I don’t know where I first heard about Greg Mortenson, but the extended interview on Bill Moyers PBS show filled out the details for me. Mr. Mortenson, an unassuming and soft-spoken mountain climber who, after a failed attempt to summit K2 in Pakistan, got lost and wandered into the tiny remote village of Korphe. The residents there took him in with kind words, a plate of food and cup of butter tea. They welcomed him, as the Koran would instruct, into their tiny home to recover. Later, when he witnessed 80 children, meeting in an un-sheltered area to practice their school lessons – in the absence of any instructor – he discovered his mission: to build a school for Korphe so these smiling children could have a sheltered place to hold their classes. Little did he know that it would be the first of hundreds of schools he would help build.

Korphe School, Korphe Pakistan

The ongoing story of Greg Mortenson and the Central Asia Institute is both remarkable and incredibly inspiring. The lengths that this single person went through to succeed is both harrowing and miraculous. Nearly every time he encountered dangerous situations – whether they were suspicious local leaders, warlords, or Taliban groups – he successfully diffused the situations when they discovered that his reason for being in their area was to improve the education and welfare of their children. On many occasions powerful local elders and leaders (what US government leaders would often define as the enemy or potential terrorists) would seek out Mr. Mortenson to help them get schools built in their villages. In time, despite being an American citizen, Greg Mortenson came to occupy a place of honor in the eyes of Pakistanis and Afghanis – despite the path that our military was set upon in their part of the world. His belief was that education provides an alternative path (from the radical Taliban) for young men in these countries, and educating young women enhances the health of local communities.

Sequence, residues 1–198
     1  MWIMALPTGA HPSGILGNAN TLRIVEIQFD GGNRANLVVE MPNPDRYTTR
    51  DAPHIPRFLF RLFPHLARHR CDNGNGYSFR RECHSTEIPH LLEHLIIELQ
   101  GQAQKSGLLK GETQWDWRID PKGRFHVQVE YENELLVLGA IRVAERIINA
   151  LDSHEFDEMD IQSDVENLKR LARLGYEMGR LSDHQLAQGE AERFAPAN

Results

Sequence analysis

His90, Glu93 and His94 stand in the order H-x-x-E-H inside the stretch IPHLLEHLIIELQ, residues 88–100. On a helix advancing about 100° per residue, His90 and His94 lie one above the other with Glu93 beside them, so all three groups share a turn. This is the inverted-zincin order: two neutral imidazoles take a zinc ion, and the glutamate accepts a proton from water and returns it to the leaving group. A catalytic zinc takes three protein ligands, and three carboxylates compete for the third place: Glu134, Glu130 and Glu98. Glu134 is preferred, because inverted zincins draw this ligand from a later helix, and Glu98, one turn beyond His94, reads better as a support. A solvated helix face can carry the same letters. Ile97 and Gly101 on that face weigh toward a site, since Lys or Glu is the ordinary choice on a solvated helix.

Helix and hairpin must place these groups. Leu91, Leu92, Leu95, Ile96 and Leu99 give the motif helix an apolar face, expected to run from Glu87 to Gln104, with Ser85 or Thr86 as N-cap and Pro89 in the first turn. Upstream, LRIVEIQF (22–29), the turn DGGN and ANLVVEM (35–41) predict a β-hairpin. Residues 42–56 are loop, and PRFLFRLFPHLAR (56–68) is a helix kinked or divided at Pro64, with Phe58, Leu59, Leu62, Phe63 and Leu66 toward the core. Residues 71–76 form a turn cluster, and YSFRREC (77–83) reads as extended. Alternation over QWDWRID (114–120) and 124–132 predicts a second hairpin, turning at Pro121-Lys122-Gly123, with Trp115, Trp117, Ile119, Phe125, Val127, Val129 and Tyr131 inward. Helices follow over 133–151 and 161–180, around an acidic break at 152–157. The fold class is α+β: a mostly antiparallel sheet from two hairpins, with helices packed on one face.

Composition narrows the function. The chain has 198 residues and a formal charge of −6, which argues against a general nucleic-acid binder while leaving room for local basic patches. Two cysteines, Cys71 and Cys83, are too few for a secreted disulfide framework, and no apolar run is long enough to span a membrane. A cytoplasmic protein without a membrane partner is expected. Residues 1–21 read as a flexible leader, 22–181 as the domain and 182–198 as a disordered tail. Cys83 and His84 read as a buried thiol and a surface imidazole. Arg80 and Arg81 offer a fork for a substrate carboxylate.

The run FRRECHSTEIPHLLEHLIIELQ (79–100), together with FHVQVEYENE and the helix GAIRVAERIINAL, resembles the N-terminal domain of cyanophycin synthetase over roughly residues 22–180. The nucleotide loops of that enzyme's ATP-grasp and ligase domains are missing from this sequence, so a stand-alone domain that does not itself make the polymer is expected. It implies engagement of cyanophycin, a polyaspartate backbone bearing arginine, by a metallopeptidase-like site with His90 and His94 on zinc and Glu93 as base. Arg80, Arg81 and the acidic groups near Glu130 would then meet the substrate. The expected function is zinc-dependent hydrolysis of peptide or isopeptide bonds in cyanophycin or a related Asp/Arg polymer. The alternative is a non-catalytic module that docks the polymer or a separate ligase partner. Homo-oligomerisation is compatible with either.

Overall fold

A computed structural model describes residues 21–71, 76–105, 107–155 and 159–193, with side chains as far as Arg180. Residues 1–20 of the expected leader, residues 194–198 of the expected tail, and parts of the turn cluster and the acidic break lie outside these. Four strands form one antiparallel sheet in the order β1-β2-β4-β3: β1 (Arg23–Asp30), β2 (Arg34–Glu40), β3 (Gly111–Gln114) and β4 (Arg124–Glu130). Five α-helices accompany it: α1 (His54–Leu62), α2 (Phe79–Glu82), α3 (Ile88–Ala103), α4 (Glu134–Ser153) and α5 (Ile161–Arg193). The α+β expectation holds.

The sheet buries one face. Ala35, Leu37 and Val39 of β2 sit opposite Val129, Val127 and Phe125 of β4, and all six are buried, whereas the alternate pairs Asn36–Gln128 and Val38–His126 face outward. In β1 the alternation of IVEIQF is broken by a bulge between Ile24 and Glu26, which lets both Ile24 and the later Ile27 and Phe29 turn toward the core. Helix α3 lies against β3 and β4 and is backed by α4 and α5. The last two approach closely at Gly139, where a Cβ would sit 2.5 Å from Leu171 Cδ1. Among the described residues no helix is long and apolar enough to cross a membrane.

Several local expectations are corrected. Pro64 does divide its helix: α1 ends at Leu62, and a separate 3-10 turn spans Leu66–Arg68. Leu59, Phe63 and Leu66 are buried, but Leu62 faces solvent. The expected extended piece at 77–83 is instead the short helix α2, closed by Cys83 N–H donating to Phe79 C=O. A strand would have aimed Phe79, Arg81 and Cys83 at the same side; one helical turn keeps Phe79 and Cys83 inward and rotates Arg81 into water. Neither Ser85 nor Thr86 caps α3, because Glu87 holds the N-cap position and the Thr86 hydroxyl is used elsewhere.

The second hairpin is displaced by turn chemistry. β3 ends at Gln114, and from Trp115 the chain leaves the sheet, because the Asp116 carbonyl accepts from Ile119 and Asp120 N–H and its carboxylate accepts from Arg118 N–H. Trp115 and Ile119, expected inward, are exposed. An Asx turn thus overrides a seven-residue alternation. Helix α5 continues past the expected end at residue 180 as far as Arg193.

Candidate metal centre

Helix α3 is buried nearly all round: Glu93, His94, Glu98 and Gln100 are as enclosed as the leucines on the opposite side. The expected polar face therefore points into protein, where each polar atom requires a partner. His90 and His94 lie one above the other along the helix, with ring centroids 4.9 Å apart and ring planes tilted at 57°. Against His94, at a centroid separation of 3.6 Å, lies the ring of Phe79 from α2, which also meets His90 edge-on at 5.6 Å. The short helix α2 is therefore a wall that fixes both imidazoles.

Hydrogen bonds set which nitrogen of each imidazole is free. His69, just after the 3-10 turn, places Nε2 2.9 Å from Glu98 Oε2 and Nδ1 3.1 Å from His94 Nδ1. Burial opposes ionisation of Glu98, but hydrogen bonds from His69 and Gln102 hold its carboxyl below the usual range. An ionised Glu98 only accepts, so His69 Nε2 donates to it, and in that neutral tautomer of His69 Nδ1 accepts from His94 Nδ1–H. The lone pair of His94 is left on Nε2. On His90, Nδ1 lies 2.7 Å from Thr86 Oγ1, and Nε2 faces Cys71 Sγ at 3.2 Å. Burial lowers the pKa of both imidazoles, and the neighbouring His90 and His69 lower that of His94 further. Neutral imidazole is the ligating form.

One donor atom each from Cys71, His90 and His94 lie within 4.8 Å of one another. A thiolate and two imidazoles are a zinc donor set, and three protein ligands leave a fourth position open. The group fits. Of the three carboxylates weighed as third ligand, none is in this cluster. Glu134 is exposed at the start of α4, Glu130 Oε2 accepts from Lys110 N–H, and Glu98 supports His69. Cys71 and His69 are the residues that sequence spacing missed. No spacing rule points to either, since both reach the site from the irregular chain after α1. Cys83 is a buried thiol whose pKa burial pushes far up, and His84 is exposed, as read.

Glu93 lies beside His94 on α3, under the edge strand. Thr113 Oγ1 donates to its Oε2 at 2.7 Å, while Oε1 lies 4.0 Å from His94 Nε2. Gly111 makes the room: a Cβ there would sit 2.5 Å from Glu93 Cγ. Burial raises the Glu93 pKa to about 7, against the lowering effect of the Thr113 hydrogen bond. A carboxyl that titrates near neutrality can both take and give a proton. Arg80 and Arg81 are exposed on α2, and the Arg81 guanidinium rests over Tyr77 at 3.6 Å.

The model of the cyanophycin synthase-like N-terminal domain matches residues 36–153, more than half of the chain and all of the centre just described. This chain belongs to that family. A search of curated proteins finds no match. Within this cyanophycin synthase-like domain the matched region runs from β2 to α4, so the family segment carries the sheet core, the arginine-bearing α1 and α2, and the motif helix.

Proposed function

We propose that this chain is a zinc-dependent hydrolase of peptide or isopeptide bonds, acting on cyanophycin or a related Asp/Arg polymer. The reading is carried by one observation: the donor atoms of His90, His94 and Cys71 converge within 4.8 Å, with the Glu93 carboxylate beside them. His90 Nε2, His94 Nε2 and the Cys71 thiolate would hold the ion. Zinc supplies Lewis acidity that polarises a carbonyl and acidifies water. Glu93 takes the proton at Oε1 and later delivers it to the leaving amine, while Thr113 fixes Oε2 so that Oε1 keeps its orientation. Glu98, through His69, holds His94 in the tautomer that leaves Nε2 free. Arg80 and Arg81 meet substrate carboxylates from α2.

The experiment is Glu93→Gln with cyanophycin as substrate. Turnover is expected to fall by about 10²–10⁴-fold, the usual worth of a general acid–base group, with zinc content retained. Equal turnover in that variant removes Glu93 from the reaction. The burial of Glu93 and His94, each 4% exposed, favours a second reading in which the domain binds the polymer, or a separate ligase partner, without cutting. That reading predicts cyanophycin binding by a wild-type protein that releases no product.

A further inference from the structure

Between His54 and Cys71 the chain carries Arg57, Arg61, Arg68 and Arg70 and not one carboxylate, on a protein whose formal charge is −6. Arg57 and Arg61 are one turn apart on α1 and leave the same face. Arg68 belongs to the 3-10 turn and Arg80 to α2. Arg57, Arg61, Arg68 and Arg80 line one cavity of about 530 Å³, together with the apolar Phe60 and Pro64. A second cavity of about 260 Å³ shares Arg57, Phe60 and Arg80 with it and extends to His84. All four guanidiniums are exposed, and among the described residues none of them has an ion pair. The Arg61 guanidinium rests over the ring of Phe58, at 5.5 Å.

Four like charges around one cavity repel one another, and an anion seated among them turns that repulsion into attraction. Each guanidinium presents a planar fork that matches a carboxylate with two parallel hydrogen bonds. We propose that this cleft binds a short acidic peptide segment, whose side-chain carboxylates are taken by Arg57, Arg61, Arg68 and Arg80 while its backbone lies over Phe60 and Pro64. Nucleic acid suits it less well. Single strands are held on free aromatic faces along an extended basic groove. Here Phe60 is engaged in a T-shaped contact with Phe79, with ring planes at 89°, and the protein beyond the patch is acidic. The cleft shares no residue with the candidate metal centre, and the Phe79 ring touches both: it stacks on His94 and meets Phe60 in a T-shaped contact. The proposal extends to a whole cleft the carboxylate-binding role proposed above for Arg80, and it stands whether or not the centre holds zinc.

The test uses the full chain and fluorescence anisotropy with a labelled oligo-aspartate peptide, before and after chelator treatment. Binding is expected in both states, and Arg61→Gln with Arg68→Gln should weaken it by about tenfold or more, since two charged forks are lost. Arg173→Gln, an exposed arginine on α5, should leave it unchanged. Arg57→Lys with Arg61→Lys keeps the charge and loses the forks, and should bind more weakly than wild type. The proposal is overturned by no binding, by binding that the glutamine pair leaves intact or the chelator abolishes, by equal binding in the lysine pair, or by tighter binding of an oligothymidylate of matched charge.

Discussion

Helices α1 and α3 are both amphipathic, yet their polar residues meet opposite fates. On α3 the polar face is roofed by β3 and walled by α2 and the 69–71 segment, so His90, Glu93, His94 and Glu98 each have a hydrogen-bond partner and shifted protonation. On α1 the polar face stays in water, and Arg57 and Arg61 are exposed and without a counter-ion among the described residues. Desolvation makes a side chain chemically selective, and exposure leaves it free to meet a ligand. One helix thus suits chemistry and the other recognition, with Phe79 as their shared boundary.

These books do something that western media has not been able to do for me: paint an honest portrait of the world of Islam and the citizens of these misunderstood regions. These people, from dozens of different tribes and cultural backgrounds, are incredibly diverse, warm, generous, and giving people. Their greatest wish is for their children to be healthy and a chance for them to receive an education.

Do your soul a favor and read Three Cups of Tea by Greg Mortenson and David Oliver Relin, and follow that up with Stones into Schools by Greg Mortenson. The If the spirit moves you, consider contributing to their program, but enter it with an open mind and drink in the power that building a school creates. And let’s hope that the generals and majors read these stories as well. Books will always trump bombs when it comes to mending hearts and minds.

Greg Mortenson and the Central Asia Institute website
Three Cups of Tea

Click here to find out other ways to Help Build Schools